Symantec unveils new strategy; takes on massive reorg, cuts middle management

Despite solid third-quarter earnings, the security giant seeks to make a break with the past and start over with a new, leaner structure and an eye on the future.
Written by Andrew Nusca, Contributor

It's never good when a company feels compelled to issue a press release stating that it has a new strategy, but that's what security stalwart Symantec did a moment ago, emphasizing how the new direction will "deliver significantly improved performance for customers and partners."

(Credit: Symantec)

To be fair, its quarterly financial results--also released today--weren't that bad. Good, even. But it's clear that chief executive officer Steve Bennett needs to reassure observers that the company has answers for a changing marketplace.

First, the financial results.

Symantec reported third-quarter earnings of 30 cents per share (non-GAAP earnings: 45 cents per share) on revenue of $1.79 billion, up 4 percent from a year ago. Wall Street was looking for non-GAAP earnings of 38 cents per share on revenue of $1.73 billion.

Security and compliance revenue in the third quarter was up 3 percent from a year ago; storage and server management showed revenue growth of 8 percent; and services jumped 10 percent. Consumer revenue was flat compared to a year ago.

Now, the new strategy.

The plan breaks down into 10 focus areas and is expected to take "six to 24 months" to execute.

The big 10:

  • Mobile workforce productivity

  • Norton Protection

  • Norton Cloud

  • Information security services

  • Identity/content-aware security gateway

  • Data-center security

  • Business continuity

  • Integrated backup

  • Cloud-based information management

  • Object storage platform.

The three customer needs on which it's focusing make it simple to be productive and protected at home and work; keep businesses safe and compliant; and keep business information and applications up and running.

The goal: develop new products and services for unmet or underserved needs while improving existing products and services. (Arguably, this is every growing business' mission.)

In practice, Symantec will begin to offer integrated offerings with an eye toward mobility and the cloud. It will boost research and development to develop those new products and enter strategic partnerships to plug product gaps, all while returning half of its free cash flow back to investors.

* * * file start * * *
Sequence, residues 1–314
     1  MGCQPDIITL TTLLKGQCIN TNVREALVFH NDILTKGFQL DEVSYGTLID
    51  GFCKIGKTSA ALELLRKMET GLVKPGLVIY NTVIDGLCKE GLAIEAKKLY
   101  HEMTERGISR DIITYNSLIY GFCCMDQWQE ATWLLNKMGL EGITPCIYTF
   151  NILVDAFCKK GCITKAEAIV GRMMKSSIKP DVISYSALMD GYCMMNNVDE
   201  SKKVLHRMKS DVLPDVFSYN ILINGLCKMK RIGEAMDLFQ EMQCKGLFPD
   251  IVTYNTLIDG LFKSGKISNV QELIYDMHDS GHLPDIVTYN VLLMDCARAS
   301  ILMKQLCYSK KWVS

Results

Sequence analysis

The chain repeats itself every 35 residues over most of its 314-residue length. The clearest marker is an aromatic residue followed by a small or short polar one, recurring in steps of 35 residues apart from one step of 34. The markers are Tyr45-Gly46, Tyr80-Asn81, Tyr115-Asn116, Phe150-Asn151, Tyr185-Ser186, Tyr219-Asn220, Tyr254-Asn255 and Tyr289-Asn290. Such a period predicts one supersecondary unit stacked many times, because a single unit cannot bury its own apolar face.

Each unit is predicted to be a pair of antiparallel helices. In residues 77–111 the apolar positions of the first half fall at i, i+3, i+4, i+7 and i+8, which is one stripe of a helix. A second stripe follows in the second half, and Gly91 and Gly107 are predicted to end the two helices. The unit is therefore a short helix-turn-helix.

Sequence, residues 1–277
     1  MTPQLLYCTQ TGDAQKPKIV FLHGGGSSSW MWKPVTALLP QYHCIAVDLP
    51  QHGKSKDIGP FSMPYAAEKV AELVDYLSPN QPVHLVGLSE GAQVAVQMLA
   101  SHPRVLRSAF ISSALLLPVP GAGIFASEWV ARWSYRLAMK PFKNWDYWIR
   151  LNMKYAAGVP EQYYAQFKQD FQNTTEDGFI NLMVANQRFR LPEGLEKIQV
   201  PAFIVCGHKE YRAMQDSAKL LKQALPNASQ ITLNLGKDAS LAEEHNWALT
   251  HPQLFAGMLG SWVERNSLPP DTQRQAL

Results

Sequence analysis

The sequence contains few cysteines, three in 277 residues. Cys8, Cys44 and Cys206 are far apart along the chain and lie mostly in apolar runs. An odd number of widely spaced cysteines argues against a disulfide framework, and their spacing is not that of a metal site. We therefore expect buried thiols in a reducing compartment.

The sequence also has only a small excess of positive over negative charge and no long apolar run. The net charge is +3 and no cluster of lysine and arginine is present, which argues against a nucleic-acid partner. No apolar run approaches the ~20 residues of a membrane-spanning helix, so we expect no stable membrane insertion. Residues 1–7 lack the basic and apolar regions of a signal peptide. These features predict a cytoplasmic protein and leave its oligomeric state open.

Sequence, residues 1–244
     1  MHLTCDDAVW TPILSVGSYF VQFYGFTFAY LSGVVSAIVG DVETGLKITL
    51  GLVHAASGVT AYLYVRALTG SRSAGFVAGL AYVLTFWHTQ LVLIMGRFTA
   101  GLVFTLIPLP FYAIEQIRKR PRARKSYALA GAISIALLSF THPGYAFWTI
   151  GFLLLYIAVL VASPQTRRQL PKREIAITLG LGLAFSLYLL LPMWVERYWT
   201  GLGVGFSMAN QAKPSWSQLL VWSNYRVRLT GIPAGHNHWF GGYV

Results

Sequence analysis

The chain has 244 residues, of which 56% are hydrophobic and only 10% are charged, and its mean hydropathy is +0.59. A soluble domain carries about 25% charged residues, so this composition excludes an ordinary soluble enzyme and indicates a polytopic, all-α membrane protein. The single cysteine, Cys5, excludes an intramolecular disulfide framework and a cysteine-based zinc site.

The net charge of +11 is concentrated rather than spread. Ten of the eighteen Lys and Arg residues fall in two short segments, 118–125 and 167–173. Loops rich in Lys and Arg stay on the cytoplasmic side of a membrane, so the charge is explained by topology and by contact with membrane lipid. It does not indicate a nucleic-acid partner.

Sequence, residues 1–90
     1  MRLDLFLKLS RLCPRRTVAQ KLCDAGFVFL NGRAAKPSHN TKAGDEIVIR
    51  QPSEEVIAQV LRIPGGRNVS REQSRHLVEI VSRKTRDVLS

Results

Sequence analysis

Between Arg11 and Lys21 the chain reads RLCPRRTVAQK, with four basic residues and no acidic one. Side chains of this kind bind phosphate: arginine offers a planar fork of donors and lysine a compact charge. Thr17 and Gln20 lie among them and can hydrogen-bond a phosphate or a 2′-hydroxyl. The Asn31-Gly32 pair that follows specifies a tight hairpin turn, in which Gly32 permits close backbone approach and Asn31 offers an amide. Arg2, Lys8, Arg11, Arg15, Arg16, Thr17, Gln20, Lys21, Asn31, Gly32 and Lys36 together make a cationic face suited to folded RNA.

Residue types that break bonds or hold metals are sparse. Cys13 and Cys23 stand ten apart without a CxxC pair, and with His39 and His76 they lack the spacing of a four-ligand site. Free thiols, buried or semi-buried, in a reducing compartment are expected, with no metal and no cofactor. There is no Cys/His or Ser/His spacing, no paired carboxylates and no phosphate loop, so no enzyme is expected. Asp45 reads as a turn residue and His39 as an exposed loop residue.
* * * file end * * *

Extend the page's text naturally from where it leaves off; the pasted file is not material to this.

The biggest changes will be internal.

At the top, a new "Office of the CEO" group--a presidential cabinet, essentially--will put Symantec's CEO, CFO, COO, and president of products and services together to "make collective operational and functional decisions...on a daily basis."

Functional heads--HR, finance, legal, sales--will now report directly to the CEO. The heads of IT, marketing, communications, and technology will also report into the CEO, though the company's wording suggested that the latter are a separate group of "extended staff."

In the middle, the company will "rely heavily" on the channel to manage current customers so its sales force can pursue new business. Additionally, the marketing group will receive investment.

At the bottom, the company said it wants to tear down some of the hierarchy and give "front-line employees greater empowerment, input, and discretion in addressing customers' needs on a day-to-day basis."

Translation: Middle management will see layoffs through June. How many, it didn't specify.

"This is a story about more focus and better execution by Symantec to make things better and easier for our customers and partners," Bennett said.

The company did provide granular goals, citing targets of "more than 5 percent organic revenue growth" and "non-GAAP operating margins better than 30 percent" over the next two to three years. The company said it plans to make preparations--and therefore will see modest revenue growth--through 2014 in exchange for stronger growth (more than 5 percent) between 2015 and 2017.

"We have the infrastructure...we also have the expertise...it's a question of alignment and regaining focus on the current and future needs of customers," Bennett said.

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